PATCH ANTENNA AND ANTENNA DEVICE FOR VEHICLE

- YOKOWO CO., LTD.

A patch antenna includes: a radiating element having a flat-plate shape; and a parasitic element provided at a position spaced away from the radiating element in planar view in which the radiating element is seen from a direction perpendicular to a plate surface of the radiating element. A longitudinal direction of the parasitic element is oriented along a direction of a line segment connecting a center of the radiating element and a feeding point in the planar view.

Skip to: Description  ·  Claims  · Patent History  ·  Patent History
Description
TECHNICAL FIELD

The present invention relates to a patch antenna and an antenna device for a vehicle.

BACKGROUND ART

A patch antenna is known as a flat antenna having a quadrangular or circular radiating element with a small area. The patch antenna has a wide range of uses and Patent Literature 1 discloses a patch antenna that can receive circularly polarized satellite-wave signals and linearly polarized ground-wave signals and has a reduced height when disposed.

PRIOR ART DOCUMENTS Patent Literature

Patent Literature 1: Japanese Unexamined Patent Application Publication No. 2003-347838

SUMMARY OF INVENTION Problems to be Solved by the Invention

Conventional patch antennas generally have a configuration in which a flat-plate ground plate is placed parallel to a flat-plate radiating element, but the antennas have high directivity in a normal direction (in a direction at an angle of elevation of 90 degrees as viewed from a center of the radiating element) to a plate surface of the radiating element. Therefore, although the gain in high-elevation directions as viewed from the center of the radiating element is relatively high, the gain in low-elevation directions may be low.

A problem to be solved by the present invention is to provide a technique for a patch antenna that can increase the gain in low-elevation directions as viewed from a center of a radiating element.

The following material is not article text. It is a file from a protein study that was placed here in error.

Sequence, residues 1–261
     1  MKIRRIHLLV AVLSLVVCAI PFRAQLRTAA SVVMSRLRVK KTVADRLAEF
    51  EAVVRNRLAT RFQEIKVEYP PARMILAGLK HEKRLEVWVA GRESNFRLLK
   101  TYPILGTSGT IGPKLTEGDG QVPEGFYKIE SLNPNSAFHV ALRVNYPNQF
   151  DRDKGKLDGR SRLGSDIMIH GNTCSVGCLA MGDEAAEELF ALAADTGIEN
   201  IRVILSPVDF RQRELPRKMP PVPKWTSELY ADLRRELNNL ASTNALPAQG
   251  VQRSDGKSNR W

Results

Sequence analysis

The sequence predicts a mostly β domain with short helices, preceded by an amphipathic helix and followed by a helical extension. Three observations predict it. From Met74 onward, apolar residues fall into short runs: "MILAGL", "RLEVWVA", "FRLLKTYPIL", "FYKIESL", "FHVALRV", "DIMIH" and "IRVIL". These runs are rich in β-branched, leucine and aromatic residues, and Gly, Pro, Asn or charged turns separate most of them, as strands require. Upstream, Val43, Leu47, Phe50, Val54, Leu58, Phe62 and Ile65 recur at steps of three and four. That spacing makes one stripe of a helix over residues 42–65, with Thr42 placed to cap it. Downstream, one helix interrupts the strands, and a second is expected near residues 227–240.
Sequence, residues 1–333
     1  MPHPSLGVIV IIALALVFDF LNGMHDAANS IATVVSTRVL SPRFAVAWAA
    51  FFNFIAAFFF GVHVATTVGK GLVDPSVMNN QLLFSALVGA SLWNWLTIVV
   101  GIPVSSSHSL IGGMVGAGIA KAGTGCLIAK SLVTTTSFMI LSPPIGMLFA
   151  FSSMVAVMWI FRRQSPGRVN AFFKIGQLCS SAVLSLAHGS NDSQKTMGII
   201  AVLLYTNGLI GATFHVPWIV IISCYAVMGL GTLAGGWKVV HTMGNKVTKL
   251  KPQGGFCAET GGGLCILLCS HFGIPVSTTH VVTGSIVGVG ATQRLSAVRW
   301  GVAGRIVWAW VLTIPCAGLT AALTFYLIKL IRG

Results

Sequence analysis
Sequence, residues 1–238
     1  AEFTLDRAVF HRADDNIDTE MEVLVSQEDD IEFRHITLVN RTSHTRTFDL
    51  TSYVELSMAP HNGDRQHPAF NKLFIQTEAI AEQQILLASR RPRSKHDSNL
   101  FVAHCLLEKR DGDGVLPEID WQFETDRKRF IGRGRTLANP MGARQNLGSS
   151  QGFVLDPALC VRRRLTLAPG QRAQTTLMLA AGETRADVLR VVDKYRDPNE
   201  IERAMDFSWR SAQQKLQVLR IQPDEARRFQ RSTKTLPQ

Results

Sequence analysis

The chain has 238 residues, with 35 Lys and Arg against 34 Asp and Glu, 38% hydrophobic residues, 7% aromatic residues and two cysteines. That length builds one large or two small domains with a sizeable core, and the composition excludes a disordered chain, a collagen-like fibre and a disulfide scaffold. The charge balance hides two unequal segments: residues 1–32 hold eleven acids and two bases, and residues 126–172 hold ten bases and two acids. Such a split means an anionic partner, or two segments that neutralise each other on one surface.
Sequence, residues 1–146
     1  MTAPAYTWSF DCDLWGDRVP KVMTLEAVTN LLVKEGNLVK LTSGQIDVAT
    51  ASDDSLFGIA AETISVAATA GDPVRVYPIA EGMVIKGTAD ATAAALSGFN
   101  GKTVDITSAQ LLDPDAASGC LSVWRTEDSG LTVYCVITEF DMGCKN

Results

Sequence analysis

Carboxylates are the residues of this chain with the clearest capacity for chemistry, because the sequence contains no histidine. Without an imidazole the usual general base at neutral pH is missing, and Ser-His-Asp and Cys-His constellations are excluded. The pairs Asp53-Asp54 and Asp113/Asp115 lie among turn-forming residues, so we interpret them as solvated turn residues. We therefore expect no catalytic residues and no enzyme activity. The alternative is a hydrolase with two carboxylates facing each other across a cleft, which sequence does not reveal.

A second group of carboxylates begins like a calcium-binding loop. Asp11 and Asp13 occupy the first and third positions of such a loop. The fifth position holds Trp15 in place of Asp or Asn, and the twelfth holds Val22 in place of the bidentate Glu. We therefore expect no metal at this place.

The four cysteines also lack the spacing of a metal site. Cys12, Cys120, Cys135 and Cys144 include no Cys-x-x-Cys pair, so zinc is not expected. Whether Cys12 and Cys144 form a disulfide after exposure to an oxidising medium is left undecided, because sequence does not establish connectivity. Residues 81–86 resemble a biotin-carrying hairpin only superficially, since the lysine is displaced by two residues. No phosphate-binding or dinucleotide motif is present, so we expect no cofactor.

Solution to the Problems

According to a first aspect of the present invention, there is provided a patch antenna comprising: a radiating element having a flat-plate shape; and a parasitic element provided at a position spaced away from the radiating element in planar view in which the radiating element is seen from a direction perpendicular to a plate surface of the radiating element.

According to the first aspect, the parasitic element is provided by being spaced away from the radiating element in planar view in which the radiating element is seen from the direction perpendicular to the plate surface of the radiating element. Since the parasitic element can vary radiation characteristics of radio waves, it is possible to implement a technique for improving the gain in low-elevation directions as viewed from the center of the radiating element.

According to a second aspect of the present invention, in the patch antenna according to the first aspect, a longitudinal direction of the parasitic element is oriented along a direction of a line segment connecting a center of the radiating element and a feeding point in the planar view.

According to a third aspect of the present invention, in the patch antenna according to the first or second aspect, a longitudinal length of the parasitic element is 0.52 times or more than a maximum length of the radiating element in the planar view.

According to a fourth aspect of the present invention, in the patch antenna according to any one of the first to third aspects, a longitudinal length of the parasitic element is 0.89 times or less than a maximum length of the radiating element in the planar view.